Addiction and Non-Duality ~ Rupert Spira

Addiction and Non-Duality

Question: For a while now I have had some trouble reconciling some of my behaviour with my understanding of the non-dual teaching. The fruits of this path have definitely been self-evident in
ways that I cannot describe. However, in a very honest and worldly sense, I have also been struggling with an addiction to lust and pornography

I obviously feel very conflicted about this. It seems to me that this addictive, lustful behaviour is certainly not in alignment with the truth that non-duality points to. However, when the impulse arises to watch it, my mind creates a convincing dialogue that says, “There is no doer. This is a spontaneous occurrence. Don’t resist this. All is meaningless,” etc.

I then act on the impulse and afterwards the mind rationalises the behaviour with more of this pseudo logic, falsely claiming that it never left awareness. This is, of course, coupled with all sorts of guilt, inadequacy and other afflictive emotions. Commonsense tells me that something is amiss.

I have heard many stories of all sorts of so-called sages, holy men and enlightened gurus who rationalise inappropriate sexual behaviour under a veneer of spiritual truth. How do we, as spiritual seekers, avoid this tragic pitfall especially when we have a deep understanding that this is a path of
acceptance and not avoidance?

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Yoga in the Kashmir Tradition: The Art of Listening by Billy Doyle (Author)

In Yoga in the Kashmir Tradition Billy Doyle gives a simple yet profound guide to a yoga that is far removed from the ‘glorified gymnastics’ and almost competitive nature of yoga that some of us are familiar with. Jean Klein, Billy’s own teacher taught this approach, based on awareness through body sensation.

If we have first understood, or have the deep conviction, that in our real nature there is nothing to become, nothing to attain, then we can explore the body and its movements without end-gaining. We can practise yoga to free us from what we are not, and perhaps more profoundly, simply for the joy of it.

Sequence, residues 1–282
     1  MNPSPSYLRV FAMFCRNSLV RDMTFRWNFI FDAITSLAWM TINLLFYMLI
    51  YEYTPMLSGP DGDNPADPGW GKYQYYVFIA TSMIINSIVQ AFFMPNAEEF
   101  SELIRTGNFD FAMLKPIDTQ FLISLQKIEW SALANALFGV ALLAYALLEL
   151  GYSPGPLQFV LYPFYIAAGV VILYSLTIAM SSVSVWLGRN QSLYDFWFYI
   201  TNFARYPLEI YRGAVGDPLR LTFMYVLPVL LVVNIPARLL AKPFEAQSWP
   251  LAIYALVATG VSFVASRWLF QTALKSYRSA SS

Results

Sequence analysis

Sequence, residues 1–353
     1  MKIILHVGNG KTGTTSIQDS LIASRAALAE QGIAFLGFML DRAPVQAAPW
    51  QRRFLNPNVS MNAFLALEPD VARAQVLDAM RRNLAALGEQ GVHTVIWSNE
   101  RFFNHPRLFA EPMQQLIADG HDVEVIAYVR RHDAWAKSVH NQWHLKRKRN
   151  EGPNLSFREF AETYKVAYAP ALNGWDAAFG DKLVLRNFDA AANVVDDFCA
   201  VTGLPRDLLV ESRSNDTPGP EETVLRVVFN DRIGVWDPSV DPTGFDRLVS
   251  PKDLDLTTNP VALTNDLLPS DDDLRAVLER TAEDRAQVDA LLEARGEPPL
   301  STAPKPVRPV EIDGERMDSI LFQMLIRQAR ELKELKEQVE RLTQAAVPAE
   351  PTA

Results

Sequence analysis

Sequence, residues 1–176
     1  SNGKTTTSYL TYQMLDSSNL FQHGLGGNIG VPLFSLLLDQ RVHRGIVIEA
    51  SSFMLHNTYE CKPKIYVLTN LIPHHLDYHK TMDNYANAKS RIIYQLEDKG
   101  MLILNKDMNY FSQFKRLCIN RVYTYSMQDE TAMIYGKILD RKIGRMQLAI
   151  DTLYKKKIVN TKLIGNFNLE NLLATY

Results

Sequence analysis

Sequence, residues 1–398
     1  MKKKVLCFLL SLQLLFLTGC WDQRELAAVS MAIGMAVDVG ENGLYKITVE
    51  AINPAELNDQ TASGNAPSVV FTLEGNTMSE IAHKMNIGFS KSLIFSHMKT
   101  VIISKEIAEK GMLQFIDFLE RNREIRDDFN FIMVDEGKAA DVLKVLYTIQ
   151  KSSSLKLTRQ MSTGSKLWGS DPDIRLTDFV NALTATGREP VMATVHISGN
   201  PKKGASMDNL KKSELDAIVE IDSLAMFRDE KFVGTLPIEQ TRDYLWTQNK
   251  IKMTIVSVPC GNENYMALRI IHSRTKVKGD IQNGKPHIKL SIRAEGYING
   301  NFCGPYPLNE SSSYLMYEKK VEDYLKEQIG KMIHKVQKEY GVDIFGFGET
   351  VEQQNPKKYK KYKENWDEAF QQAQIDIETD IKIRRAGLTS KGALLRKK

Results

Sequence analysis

Jean also had reservations about certain dualistic tendencies in yoga: yoga means to join, but to join what? We are one from the beginning; we only have to see it. The emphasis here is not on achieving something but on listening and exploring without will or effort. In the progressive approach one evolves through various levels of spiritual attainment. But there is always a someone, an ego, still evolving. In the direct approach there is simply recognising the false as false, that you can never be something objective. The personal has no role to play.

Jean Klein was a master of Advaita (non-dualism) and yoga. He taught yoga in the Kashmir Tradition, an approach based on awareness through body sensation, which is here presented by Billy Doyle, a long term student of Jean Klein. This teaching was grounded in the non-dualistic perspective. Yoga in the Kashmir Tradition: The Art of Listening therefore covers all facets of Jean Klein’s teaching.

Billy Doyle lives in London and teaches yoga in the Kashmir Tradition. His previous book, The Mirage of Separation is a collection of poems on non-dualism.
Click here to download a sample from Yoga in the Kashmir Tradition

For further information see http://www.billy-doyle-yoga.com

Click here to download a sample from Yoga in the Kashmir Tradition

Billy Doyle ‘The Mirage of Separation’ Interview by Renate McNay

Published on Mar 16, 2013
Billy is a Spiritual Teacher and Yoga Teacher in the Kashmir Tradition, and author of the book “The Mirage of Separation”.
He had a strong spiritual orientation early in life and started to explore non-dualistic teachings in his twenties. He met Jean Klein, a master of Advaita and Yoga who became his teacher for 14 years. He practiced ‘Art of Listening’ and self-inquiry and then one day, while on a silent retreat, “all identification with a separate Entity dissolved” and he then knew himself as Silence.

Plato’s Allegory of the Cave from The Republic


The Allegory is related to Plato’s Theory of Forms, wherein Plato asserts that “Forms” (or “Ideas”), and not the material world of change known to us through sensation, possess the highest and most fundamental kind of reality. Only knowledge of the Forms constitutes real knowledge. In addition, the allegory of the cave is an attempt to explain the philosopher’s place in society.

PLATO – Allegory of the Cave (Animated)

Philosophy – Platos Cosmology – Allegory of the Cave

GCC Instructor David Makinster delivers a brief lecture titled “Platos Cosmology – Allegory of the Cave” for his Introduction to Philosophy classes.

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